Article by Brian Hayes MEP which was published in Metro Eireann, 15th April 2015
Since 1983 the European Union has designated a theme to each year. Devoting the focus of one year to a specific topic helps to encourage debate and rightly puts a spotlight on an issue which needs to be addressed. 2015 is the European year of Development. It is the first time that a European Year has been dedicated to EU Development Policy – clearly a hugely important global issue. It is also important for another reason.
Later this year world leaders will meet in New York for a United Nations Summit to agree a new set of development goals. Known as Sustainable Development Goals, they will state the targets that each UN member state is expected to meet by 2030. They will include goals on addressing poverty, climate change and sustainable development. The Sustainable Development Goals is a follow on to the Millennium Development Goals which were agreed in the year 2000. These goals expire at the end of this year.
Has the setting of goals achieved anything?
There has been significant progress made in achieving the Millennium Development Goals. The UN Secretary General Ban Ki Moon described the goals as the “Most successful strategy in history in addressing poverty throughout the world.”
The goals have contributed significantly to tackling some of the biggest problems. For example, the number of child deaths has decreased by almost 50% since 1990. More people now have access to AIDS treatment than people newly infected with HIV. Life expectancy has increased and the number of people going hungry has decreased by 100 million in the past 10 years. Overall the number of people living in extreme poverty has halved since the early 90s.
However, this success is not uniform. Not every country has benefited in the same way. Sub Saharan Africa for example has missed out on many of the Millennium Development Goals. It still has huge problems with poverty, poor living conditions and high child mortality rates. Asia in contrast has achieved the most even though it still has substantial poverty. Similarly, a great contrast exists within countries between urban and rural divides. Rural areas suffer with high poverty than compared to urban.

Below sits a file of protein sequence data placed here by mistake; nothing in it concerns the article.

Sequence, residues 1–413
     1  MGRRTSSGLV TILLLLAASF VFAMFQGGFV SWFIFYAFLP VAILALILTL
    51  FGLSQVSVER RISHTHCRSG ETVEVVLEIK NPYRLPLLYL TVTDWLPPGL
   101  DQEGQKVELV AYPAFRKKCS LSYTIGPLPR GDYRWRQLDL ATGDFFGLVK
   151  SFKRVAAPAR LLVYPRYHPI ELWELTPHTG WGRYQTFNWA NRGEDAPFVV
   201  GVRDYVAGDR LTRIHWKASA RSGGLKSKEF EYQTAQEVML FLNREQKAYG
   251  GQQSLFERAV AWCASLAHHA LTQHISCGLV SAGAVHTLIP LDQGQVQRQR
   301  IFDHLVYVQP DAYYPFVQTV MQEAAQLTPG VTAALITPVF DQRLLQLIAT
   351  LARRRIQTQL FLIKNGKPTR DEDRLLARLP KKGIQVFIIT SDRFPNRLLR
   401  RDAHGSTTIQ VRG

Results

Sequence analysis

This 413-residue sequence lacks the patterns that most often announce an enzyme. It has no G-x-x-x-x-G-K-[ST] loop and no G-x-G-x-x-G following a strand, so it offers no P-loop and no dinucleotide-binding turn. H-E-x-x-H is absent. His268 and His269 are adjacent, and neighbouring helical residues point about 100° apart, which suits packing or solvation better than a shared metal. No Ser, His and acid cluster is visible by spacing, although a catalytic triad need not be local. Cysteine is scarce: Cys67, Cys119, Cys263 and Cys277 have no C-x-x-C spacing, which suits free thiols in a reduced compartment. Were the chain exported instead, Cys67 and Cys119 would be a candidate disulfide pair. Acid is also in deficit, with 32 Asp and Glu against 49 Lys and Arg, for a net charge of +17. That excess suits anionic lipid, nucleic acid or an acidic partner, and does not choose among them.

The narrow approach of the Millennium Development Goals was also heavily criticised. The goals consisted of only 8 objectives – tackling poverty, achieving universal primary education, gender equality, reducing child mortality, improving maternal health, tackling HIV, ensuring environmental sustainability and developing a global partnership for development. They were especially criticised for having no reference to economic development and human rights.
How will the new “Sustainable Development Goals” differ from the previous goals?
When the Millennium Development Goals were agreed they were supposed to apply to all countries. This didn’t happen as the goals only applied to developing countries. This time around the Sustainable Development Goals will apply to every country irrespective of whether it’s part of the developing or developed world. In fact the use of the phrase “Developing World” is a slightly dated concept given the progress made and the new wealth that has generated in many poorer regions of the world. Much of that progress is down to the Millennium Goals
The process of deciding the Sustainable Development Goals began back in 2012. Representatives from UN Member states produced a plan with 17 goals. The goals range from eliminating poverty, reducing inequalities within countries to tackling climate change.
It is this plan that will be discussed in September when world leaders meet to agree the final goals. It is unlikely that the goals will change between now and the UN Summit in September. Some member States have expressed concerns that the goals are too broad but given the criticism of the ‘narrow’ Millennium Development Goals there is consensus amongst the majority to retain the 17 goals.
Of course, we will never achieve goals or realise our ambitions if we in the Western world don’t commit the necessary funds for global development. That is why I am calling on the government to use the European year for Development to recommit to the development spending target of 0.7% of GDP. I believe the Taoiseach should go to the UN Summit in New
York and set out a realistic timeframe of achieving this target.
Despite the fact that we are emerging from one of the most severe recessions in history, we are still a wealthy country. By setting a realistic time frame at the United Nations in achieving the 0.7% commitment – we will send out a strong signal to the world.